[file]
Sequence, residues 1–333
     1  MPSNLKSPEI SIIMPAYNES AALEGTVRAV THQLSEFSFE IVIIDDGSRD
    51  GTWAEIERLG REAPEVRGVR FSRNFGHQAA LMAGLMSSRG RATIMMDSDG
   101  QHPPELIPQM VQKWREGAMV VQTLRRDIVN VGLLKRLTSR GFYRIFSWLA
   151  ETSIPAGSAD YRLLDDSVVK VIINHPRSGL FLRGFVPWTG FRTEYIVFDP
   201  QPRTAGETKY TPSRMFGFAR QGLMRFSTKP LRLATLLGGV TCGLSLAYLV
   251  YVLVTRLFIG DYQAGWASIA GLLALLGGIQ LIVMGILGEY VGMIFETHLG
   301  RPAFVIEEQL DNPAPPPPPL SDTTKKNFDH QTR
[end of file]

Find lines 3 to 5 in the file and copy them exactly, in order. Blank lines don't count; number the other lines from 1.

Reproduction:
    51  GTWAEIERLG REAPEVRGVR FSRNFGHQAA LMAGLMSSRG RATIMMDSDG
   101  QHPPELIPQM VQKWREGAMV VQTLRRDIVN VGLLKRLTSR GFYRIFSWLA
   151  ETSIPAGSAD YRLLDDSVVK VIINHPRSGL FLRGFVPWTG FRTEYIVFDP